Most car guys loved the Chevy Nova for its incredible power to weight ratio.
These cars were lightweights from Day 1 so a small block would wake them up into a formidable opponent.
Very few car guys like Novas with two extra doors.
That’s the dilemma Rod King faced when he acquired his grandmother’s 1975 Chevy Nova 4-door sedan.He explained the history behind his nondescript ride: “I always told her if you ever want to sell your car sell it to me. My uncle said if it was a two door I’d never get it”.
This Nova is a low mileage survivor because it had a very protected life: “She lived in a small town so she didn’t need it for big trips. The car was mostly used for out of town guests to drive. Really-how far would you drive in a small town? The only things that ever got replaced were the batteries because it sat so much”.
Rod is dedicated to the preservation of this low mile museum piece because it really is a time capsule as he admitted: “It’s so original it even has the plastic on the jack and when I got it I hauled it home on a trailer. There are some things on this cat that tell you how crappy they built these cars back then”.
Mid-70s cars were the victims of some very heavy handed government regulations and Rod is very cognizant of the technology in his smog era Nova: “It was the first year of the catalytic converter and it’s huge”.
That technology was the reason the mid-1970s were some of the worst years for performance and economy and the problems trickled down to the economy cars as Rod confessed: “It’s terrible mileage for a 250 six with a tiny carb it doesn’t do great”.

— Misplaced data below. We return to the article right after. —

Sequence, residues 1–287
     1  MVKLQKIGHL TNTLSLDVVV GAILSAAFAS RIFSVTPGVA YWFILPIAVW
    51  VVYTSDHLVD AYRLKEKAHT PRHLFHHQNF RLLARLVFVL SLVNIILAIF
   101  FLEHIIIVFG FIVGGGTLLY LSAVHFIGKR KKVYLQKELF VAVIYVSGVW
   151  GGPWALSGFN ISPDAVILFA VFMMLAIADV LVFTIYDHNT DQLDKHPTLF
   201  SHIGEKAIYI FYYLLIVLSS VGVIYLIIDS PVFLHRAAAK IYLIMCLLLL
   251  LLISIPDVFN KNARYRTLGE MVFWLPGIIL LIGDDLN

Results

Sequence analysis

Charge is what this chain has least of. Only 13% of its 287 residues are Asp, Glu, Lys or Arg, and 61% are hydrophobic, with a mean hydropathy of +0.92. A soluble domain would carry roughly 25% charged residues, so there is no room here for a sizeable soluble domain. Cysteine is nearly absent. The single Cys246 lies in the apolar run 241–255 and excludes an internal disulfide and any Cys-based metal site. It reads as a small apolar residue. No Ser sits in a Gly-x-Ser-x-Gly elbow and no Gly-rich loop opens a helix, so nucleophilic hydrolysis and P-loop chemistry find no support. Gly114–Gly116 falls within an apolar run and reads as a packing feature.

Rod also admitted he doesn’t drive his Nova very often: “It ran like crap until I put some fuel stabilizer in it I drove it twice last year and it still has show stickers from the last 3 shows. The tires are pretty iffy too”.
Storage and long term inactivity are two major enemies of old iron but this Nova has survived fairly well:“I fueled it up for the first time in two years and there was a huge puddle of water under it from the condensation so I had to replace the muffler and tail pipe”.
Despite the general lack of love for these cars, Rod’s Nova is a time portal to another era when cars like this were the norm. Nova sedans were solid, dependable cars and that reliability overrode the lack of flash.
Rod is used to the same opening sentence when spectators surround his car: “I get it all the time-they say the same thing…I had one of those back in the day”.
Many people at car shows also think this Plain Jane sedan is an old police car or taxi but the reality is cars in fleet use never survived the ravages of their daily jobs. This car was a part time employee from its first day with Rod’s grandmother.
This is a family car and its destiny is to stay within the family as Rod explained:
“My son will get this because he’s my only son now”.
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